This is a somewhat cleaned-up version of the demo I did in class. Feel free to look through and try out the pieces it uses.
Note, you can take a look at media queries in the wild by viewing the source on this WordPress site and searching for media.
You will see also that I’ve added a <meta> tag to the top of the html. It is:
<meta name=”viewport” content=”width=device-width, initial-scale=1″>
This tells the page to think about the size of the page in a manner consistent with regular sizing. The problem this solves is that the pixel size and densities of mobile devices are vastly different from their regular desktop cousins. Without this meta tag, the media query will not engage on most phones.
The goal of this assignment is to encounter and handle real world web design considerations. Go to http://urgencycareclinics.com. This is a web page that was written without the benefits of html5 and CSS. Your job is to rewrite it, yet include all the information it currently includes.
Use the tools at your disposal. Maybe flexboxes or float layout will help. Maybe a modal dialogue will help. Add images where appropriate, hover effects…whatever it takes to make this companies web site excellent and modern.
Look elsewhere on the web, too. What are great web sites today doing. How can you apply those techniques to the needs of this business?
Consider the user. Who is the likely target audience for this company? How will they use the web site?
Today we talked about flexboxes. At their most basic, these powerful tools are quite simple:
A container with display: flex (we also used flex-flow: row wrap;)
Items within the container. We used flex: 1 as a base, and flex-basis: 200px; to give some minimum sizes so it would wrap.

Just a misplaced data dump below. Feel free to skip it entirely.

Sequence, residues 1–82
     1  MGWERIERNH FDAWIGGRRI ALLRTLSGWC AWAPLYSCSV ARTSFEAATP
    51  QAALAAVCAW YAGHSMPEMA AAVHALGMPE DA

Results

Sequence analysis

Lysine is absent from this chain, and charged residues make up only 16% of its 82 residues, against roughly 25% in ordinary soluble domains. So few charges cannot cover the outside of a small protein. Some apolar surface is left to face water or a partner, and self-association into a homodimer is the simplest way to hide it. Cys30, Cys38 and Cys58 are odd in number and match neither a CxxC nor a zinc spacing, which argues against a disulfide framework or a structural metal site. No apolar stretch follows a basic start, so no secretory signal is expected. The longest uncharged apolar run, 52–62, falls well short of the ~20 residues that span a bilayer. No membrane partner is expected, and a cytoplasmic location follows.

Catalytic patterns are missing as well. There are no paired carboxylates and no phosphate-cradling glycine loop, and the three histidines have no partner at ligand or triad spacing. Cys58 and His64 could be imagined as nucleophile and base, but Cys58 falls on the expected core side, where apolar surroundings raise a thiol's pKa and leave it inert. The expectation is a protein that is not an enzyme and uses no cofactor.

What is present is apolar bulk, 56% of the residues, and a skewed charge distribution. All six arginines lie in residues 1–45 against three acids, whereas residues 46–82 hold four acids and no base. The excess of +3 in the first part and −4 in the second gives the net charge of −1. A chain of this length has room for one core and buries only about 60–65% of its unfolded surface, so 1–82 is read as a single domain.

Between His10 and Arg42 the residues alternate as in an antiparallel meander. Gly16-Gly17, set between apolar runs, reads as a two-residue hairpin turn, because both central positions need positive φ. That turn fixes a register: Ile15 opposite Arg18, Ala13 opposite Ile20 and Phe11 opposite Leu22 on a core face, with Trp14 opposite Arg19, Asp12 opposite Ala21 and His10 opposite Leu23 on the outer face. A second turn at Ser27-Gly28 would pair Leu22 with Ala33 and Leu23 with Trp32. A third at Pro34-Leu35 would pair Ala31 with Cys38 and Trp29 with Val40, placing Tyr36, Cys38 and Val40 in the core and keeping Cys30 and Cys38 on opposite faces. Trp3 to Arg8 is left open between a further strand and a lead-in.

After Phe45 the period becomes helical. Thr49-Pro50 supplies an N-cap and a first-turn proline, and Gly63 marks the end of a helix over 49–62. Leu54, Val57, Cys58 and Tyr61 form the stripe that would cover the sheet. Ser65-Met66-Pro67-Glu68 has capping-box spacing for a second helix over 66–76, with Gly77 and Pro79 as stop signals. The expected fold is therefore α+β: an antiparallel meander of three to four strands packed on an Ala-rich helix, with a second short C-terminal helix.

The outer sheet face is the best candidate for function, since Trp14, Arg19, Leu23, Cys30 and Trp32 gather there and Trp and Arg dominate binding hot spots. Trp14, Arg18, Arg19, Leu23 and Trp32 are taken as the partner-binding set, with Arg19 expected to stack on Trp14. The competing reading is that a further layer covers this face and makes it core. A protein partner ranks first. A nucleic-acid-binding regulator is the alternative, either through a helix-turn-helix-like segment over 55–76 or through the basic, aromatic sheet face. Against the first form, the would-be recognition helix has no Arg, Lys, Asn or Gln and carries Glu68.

Here are a couple resources that will help you take this to the next level:
Here are the demo files for the tooltips. The key components are:
a class called toolitp that has a position of relative with a data-tooltip attribute with whatever you want the tooltip to say.
A style for .tooltip:hover::before that forms the triangle pointing at the item they’re hovering over
A style for .tooltip:hover::after that has content: attr(data-tooltip). It should be positioned absolute and moved to fit in the appropriate place.
That’s it. index styles
Triangles can be useful tools–often to point at something on the screen, like an active menu or a tooltip message. The link below gives a great explanation of how to create triangles using CSS.
Once you have a handle on it, try putting a few in your page. Point them in different directions, create different sizes. Then try using them for a purpose – add one to a menu item, maybe.
Animation of How CSS Triangles Work
Here are the files for my modal dialogue demonstration. Feel free to examine them to help you understand how to make a modal dialogue box function correctly. The image that is the background won’t be there…and that’s sad.
For this warmup, please start from scratch and write a page with the following:
An image with a fixed position.
A link styled up like a button that has a hover effect.
Start from scratch, please, and write a page that uses all the skills we’ve learned so far:
- Float Layout
- Good html structure
- images and links
- multiple pages and use relative paths to tie them together
- external stylesheets for consistency
- Good folder structure for easy site management (e.g. have a dedicated images folder)
The topic is once again your choice. Please make it something meaningful — real or realistic sites will teach you more about design than something goofy where nothing really matters.
Today we played more with float layout. In the attached html file, I have a three-column layout that uses two sidebars: one floated left and the other floated right. Within the articles I also have floated the images to the right. See the attached html for details.
Note, there are a few things I have done here that we haven’t talked about here, but they aren’t critical to the float layout. Feel free to play around with them if you want.